This living legend explained that decision in a frank and wide-ranging interview with FIFA+.
The last time we spoke was in Yokohama just after you’d won Olympic gold. How has life been treating you since? Good! The period just after Tokyo was a bit of a whirlwind, and since then it’s just been a case of settling back into life at Portland and focusing on having a good year here. Heading into the season here, we’d made a lot of changes (Karina LeBlanc and Rhian Wilkinson, two former team-mates of Sinclair’s, became the club’s general manager and head coach) so it was kind of going into the unknown. But it’s come together well.
How has that been? Although it’s clearly working very well (the Thorns are one win from securing another NWSL Shield), it must have been strange at first for you to have two friends and long-standing team-mates working above you in such senior management roles. Yeah, I think we’ve all had to work at getting used to that situation of Rhian being my boss and Karina being Rhian’s boss. The three of us are like best friends, so it has been kind of weird and we’ve had to put those friendships to one side – at least until the off-season. But I think we’re doing ok. They’ve stepped in and just been incredible.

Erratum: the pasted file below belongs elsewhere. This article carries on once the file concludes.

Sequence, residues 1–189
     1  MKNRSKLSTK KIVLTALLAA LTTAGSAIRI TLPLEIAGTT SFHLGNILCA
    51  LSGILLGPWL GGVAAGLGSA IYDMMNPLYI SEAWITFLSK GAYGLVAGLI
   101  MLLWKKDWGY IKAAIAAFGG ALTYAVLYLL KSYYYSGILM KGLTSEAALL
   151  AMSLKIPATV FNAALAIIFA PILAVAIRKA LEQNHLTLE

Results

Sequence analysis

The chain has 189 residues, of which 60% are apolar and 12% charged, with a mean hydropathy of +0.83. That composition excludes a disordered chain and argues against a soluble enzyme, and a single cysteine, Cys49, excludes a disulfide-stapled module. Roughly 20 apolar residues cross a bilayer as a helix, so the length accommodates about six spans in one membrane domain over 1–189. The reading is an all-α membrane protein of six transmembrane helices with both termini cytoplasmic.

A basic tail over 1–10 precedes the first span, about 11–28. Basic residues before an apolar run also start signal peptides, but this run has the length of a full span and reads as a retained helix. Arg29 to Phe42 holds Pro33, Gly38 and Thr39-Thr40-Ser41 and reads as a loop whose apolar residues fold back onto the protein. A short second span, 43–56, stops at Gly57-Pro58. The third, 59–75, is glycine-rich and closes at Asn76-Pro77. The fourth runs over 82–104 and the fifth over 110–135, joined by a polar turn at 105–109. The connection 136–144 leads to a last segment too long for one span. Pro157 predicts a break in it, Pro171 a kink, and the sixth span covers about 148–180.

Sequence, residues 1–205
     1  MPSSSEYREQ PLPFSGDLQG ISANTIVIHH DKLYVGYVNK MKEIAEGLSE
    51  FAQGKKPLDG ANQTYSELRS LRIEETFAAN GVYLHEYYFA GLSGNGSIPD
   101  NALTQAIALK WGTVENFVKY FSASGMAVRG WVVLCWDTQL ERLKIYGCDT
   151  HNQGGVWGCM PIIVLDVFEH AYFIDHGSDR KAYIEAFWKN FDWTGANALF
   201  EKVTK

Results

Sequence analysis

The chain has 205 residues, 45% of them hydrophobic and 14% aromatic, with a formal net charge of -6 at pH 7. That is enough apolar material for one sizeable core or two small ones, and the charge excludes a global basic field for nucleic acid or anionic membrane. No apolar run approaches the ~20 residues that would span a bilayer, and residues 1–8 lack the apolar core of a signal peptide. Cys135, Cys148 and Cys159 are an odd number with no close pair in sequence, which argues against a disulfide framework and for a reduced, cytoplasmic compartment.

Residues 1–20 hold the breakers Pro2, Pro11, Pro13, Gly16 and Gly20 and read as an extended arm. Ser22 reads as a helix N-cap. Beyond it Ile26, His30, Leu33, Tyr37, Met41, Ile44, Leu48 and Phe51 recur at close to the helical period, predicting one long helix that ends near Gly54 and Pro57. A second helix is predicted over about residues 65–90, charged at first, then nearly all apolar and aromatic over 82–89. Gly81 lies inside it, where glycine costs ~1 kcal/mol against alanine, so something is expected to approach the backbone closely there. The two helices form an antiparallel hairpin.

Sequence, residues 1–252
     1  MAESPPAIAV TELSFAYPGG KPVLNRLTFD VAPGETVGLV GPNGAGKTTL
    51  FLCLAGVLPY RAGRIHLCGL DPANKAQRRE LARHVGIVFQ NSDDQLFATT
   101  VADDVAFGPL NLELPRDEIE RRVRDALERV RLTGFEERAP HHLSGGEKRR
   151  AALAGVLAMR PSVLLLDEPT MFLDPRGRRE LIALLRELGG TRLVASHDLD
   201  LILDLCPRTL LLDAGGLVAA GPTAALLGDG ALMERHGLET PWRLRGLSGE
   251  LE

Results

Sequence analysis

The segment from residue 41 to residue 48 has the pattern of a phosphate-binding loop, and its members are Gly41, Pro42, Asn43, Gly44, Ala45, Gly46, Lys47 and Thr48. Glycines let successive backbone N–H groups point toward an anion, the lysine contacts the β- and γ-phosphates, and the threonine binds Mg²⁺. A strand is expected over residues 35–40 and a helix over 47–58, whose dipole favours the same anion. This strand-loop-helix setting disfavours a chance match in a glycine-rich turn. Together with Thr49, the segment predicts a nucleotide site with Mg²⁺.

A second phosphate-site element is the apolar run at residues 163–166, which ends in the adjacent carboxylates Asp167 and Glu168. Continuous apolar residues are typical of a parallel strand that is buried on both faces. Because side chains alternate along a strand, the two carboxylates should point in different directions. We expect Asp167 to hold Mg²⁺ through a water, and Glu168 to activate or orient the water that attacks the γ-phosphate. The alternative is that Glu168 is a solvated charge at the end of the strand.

You extended your contract with the Thorns earlier this year. Was that an easy decision? Well, I was never going to play anywhere else. It was more a matter of, ‘Do I want to keep playing after the Olympics?’ But I feel great and I wanted the opportunity to play for Rhian and Karina and see what a bunch of Canadians could be capable of in this kind of environment. And having a World Cup round the corner obviously helped make my mind up.